Aussies worst about late payment


A review of payment times is set to measure how late or extended payment practices impact small and family businesses

The Australian Small Business and Family Enterprise Ombudsman, former pharmacist Kate Carnell, has announced a review of payment times.

She did so after the Minister for Small and Family Business, Skills and Vocational Education, Michaelia Cash, wrote to her for advice on how these practices affect small business.

“In our 2017 Payment Times and Practices Inquiry, we found Australian payment times were the worst in the world, with invoices paid on average 26.4 days late,” Ms Carnell said.

“We identified a growing trend for large Australian and multinational companies to delay and extend payments from 30 days to 45, 60, 90 or 120 days.

“More recent research involving 1600 businesses identified the biggest cause of business disputes is payments (44%), with either the full amount not being paid (26%) or not being paid on time (18%).

“Partial and late payments, seeking discounts to pay in 30 days, offering loans to cover extended terms, all place stress on the cash flow of small businesses. It forces the business to find ways to finance the shortfall in their working capital.”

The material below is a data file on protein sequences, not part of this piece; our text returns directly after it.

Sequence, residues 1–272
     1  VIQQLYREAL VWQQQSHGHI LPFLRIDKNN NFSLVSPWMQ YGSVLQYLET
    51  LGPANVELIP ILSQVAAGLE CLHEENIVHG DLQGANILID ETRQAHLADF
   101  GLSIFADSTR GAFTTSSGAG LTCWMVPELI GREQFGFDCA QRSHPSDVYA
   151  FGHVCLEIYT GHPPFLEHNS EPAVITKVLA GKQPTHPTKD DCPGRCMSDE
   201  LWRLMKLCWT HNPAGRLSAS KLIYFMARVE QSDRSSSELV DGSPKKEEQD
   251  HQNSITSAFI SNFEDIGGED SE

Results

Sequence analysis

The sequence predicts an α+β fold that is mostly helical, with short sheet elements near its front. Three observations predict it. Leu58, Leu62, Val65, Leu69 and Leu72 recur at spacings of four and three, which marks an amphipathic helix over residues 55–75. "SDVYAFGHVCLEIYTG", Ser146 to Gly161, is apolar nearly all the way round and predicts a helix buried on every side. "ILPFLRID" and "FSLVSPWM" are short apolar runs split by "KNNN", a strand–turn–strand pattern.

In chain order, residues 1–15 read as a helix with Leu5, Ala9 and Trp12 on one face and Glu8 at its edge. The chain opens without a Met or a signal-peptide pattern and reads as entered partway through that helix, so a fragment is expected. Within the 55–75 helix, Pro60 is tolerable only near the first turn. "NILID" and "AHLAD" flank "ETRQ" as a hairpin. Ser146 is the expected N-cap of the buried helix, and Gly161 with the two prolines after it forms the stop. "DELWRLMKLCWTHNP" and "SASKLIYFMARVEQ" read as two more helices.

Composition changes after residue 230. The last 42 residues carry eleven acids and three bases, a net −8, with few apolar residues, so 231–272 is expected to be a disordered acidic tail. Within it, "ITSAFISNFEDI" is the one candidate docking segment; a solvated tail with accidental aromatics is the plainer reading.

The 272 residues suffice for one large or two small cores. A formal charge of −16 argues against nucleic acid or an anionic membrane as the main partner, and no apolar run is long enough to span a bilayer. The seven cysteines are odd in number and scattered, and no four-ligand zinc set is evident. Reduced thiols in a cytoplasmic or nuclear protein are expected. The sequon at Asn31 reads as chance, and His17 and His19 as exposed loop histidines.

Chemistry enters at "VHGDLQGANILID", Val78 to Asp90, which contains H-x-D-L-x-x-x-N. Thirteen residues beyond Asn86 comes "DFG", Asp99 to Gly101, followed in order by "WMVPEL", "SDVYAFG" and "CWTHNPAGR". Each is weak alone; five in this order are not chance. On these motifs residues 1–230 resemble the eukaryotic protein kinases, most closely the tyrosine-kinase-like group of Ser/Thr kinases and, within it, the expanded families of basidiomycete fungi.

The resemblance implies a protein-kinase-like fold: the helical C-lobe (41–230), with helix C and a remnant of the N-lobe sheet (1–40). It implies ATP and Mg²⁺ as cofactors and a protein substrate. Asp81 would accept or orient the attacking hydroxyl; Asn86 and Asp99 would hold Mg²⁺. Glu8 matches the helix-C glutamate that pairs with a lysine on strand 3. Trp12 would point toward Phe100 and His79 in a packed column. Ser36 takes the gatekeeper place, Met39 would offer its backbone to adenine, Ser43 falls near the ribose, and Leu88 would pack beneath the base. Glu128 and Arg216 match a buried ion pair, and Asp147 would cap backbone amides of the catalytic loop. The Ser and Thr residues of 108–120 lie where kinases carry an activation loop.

The review is commencing with a five-minute survey for small and family business owners to fill out, available here.

“We have also written to large corporations requesting a copy of their payment terms and conditions to suppliers,” Ms Carnell said.

“Extended payment times for suppliers effectively uses the businesses in the supply chain as a cheap form of finance.

“Too many small and family businesses are being crippled by slow payments and the national economy suffers as a result.”

A spokesperson for the Pharmacy Guild said it welcomed the review of payment times.

The Guild “will be encouraging our members to respond in the survey if they wish to report areas of concern about payment times,” said the spokesperson.

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